Bad Things Happen When You Combine Pufferfish Liver and Cocaine

A new case study reveals a recipe for a very bad night out.

Unsplash / Epicurrence

When a middle-aged man showed up at a Florida hospital with high blood pressure and facial paralysis, doctors barely knew where to begin. Almost like an episode of House, there were so many things that could have been wrong with him. In the end, doctors wrote in BMJ recently, a bizarre combination of factors turned out to be to blame. Most notably, pufferfish and cocaine — a recipe for a very bad night out.

"This case exemplifies the classic manifestations of tetrodotoxin poisoning with some unique overlapping features, in the setting of an interesting social history."

The 43-year-old man’s doctors documented his case in a paper published June 7 in which they explain that tetrodotoxin from a pufferfish liver was likely to blame for his near-death experience. The toxic effects of this exotic food were complicated by his history of kidney disease and high blood pressure, his regular consumption of canned foods, and his cocaine use. Even the doctors on the case expressed amazement at how strange the situation was.

“This case exemplifies the classic manifestations of tetrodotoxin poisoning with some unique overlapping features, in the setting of an interesting social history,” they wrote.

When the unnamed patient arrived at the hospital, he told doctors he had eaten pufferfish liver a few hours before. Pufferfish, known as fugu in Japan, is sought after for its unique-tasting flesh, but eating it is risky because it also secretes a deadly toxin in almost all its other body parts. Its liver, intestines, gonads, and skin all contain tetrodotoxin, which is 1,200 times more toxic than cyanide. Just 2 to 3 milligrams of the substance can kill an adult human.

Even though fugu is only allowed to be processed by licensed handlers in Japan, a few dozen cases of fugu poisoning still occur there each year, usually due to human error in preparing or packaging the fish.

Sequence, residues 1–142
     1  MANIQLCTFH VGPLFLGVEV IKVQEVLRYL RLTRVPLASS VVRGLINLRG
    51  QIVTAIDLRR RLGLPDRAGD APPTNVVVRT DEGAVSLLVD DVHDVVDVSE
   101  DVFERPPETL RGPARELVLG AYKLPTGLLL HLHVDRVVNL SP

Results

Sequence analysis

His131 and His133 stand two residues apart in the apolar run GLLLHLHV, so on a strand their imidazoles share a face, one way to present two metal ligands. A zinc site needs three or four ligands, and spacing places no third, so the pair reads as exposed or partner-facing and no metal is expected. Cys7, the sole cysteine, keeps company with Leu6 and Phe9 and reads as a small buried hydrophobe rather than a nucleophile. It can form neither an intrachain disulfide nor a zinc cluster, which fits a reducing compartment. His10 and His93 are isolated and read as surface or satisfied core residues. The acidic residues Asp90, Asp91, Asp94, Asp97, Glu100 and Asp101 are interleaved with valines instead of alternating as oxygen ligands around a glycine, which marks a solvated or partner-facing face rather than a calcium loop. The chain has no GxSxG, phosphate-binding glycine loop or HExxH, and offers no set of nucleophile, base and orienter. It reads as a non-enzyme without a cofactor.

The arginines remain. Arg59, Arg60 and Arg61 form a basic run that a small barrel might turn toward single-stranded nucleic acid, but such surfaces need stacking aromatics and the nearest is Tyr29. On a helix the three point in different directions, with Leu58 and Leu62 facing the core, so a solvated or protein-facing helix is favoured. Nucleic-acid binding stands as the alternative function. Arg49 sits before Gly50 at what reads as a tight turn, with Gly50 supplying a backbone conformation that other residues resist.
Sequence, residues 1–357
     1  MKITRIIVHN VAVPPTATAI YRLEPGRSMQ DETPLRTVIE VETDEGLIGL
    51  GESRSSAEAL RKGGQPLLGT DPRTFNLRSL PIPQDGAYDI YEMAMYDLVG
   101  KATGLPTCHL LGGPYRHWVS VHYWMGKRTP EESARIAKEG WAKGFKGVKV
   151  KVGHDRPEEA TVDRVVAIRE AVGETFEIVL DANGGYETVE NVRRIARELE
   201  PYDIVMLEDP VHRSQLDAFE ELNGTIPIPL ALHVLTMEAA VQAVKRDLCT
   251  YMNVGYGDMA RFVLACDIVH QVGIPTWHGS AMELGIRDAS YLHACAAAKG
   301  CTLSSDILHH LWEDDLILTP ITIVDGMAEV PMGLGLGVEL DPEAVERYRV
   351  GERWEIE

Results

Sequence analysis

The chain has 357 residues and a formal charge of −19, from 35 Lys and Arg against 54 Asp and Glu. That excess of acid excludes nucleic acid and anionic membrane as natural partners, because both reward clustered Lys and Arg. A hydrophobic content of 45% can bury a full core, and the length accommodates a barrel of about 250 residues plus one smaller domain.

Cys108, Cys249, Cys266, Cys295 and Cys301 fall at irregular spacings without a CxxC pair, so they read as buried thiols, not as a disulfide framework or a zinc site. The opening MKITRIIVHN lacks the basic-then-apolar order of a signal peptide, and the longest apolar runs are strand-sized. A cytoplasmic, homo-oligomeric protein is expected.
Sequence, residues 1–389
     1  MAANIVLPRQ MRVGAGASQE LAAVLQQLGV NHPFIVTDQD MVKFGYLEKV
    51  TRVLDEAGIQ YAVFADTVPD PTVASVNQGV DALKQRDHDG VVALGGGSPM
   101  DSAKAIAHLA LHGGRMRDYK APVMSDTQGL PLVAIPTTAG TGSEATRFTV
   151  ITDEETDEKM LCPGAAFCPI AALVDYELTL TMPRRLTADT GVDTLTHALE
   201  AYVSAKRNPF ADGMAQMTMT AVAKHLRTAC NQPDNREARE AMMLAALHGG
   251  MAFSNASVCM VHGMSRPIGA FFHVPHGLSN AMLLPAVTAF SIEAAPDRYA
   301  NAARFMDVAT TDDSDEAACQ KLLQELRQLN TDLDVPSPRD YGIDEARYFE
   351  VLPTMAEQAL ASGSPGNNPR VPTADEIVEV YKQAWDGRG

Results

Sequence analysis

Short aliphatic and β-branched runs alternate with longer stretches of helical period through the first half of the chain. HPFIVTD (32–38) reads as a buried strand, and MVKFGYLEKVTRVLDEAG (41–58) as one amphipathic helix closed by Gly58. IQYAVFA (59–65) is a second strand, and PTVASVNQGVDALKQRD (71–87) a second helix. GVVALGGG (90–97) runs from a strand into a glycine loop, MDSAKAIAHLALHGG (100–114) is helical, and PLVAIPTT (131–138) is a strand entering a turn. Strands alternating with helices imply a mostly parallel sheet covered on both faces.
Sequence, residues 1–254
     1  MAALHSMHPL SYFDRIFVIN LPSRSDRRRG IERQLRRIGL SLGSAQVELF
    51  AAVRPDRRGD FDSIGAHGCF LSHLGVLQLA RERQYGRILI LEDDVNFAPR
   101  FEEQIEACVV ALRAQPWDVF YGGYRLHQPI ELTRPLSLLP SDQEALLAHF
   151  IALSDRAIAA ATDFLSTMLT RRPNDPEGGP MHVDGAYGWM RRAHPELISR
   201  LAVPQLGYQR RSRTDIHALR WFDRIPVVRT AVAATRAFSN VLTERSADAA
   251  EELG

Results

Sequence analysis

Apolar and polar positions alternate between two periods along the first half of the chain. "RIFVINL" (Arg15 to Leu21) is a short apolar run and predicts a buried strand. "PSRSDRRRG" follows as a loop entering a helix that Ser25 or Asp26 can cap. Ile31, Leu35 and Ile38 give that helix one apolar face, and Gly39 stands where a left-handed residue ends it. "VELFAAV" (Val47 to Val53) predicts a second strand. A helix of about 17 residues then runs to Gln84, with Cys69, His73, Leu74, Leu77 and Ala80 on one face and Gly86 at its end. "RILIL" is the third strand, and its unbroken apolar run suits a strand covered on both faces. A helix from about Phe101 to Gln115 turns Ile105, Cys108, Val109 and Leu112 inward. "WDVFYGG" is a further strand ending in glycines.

In this case, it’s not clear where the man got pufferfish in Florida. Since there are some native species there, it’s possible he fished for it himself or got it from a friend. The doctors note in the case report that there’s an “underground market” for the fish.

The flesh of the pufferfish, when properly prepared, is a delicacy. But its organs are deadly toxin.

Unsplash / Sven Hornburg

Shortly after the man arrived at the hospital and doctors began treating his extremely elevated blood pressure (268/164), he crashed. At that point, doctors had to intubate him to keep him from suffocating. They also gave him activated charcoal to absorb any of the remaining toxin in his stomach and treated him for possible botulism, since he also reported eating canned goods over the previous days. Canned goods are a known source of Botulinum, the bacteria that causes the illness.

Tetrodotoxin has no existing antidote, so treating a patient for exposure involves dealing with their symptoms until the body clears the toxin naturally. The patient had to be hooked up to a ventilator and treated for pneumonia.

As tetrodotoxin spreads through the body, it causes paralysis that begins at the face and spreads downward. Usually, it kills by paralyzing the diaphragm, at which point the victim suffocates. Putting the patient on a ventilator and treating his other complications, including aspirated vomit and kidney damage, ensured his survival. He remains on dialysis because of damage to his kidneys that he sustained during his ICU stay, but he’s alive.

Fugu sashimi is edible, but only if prepared very carefully in a properly equipped facility.

Wikimedia Commons 

The cocaine added a particularly interesting twist to the case. Tetrodotoxin usually lowers blood pressure, but the doctors note that the cocaine in the man’s system seemed to counteract the toxin’s effects and even cause his blood pressure to skyrocket.

Dangerous as it is, the toxin has the potential to be used therapeutically. It paralyzes its victims by inhibiting voltage-gated sodium channels, the proteins that allow nerve cells to fire correctly, and as these tiny channels are blocked by the toxin, cells become paralyzed. Recently, scientists have suggested that this paralytic action might actually help in the development of new, non-addictive, pain-relieving drugs.

The doctors, for their part, recommend avoiding pufferfish altogether:

“For now, we will forewarn the public to refrain from consuming the deadly delicacy known as ‘fugu.’”

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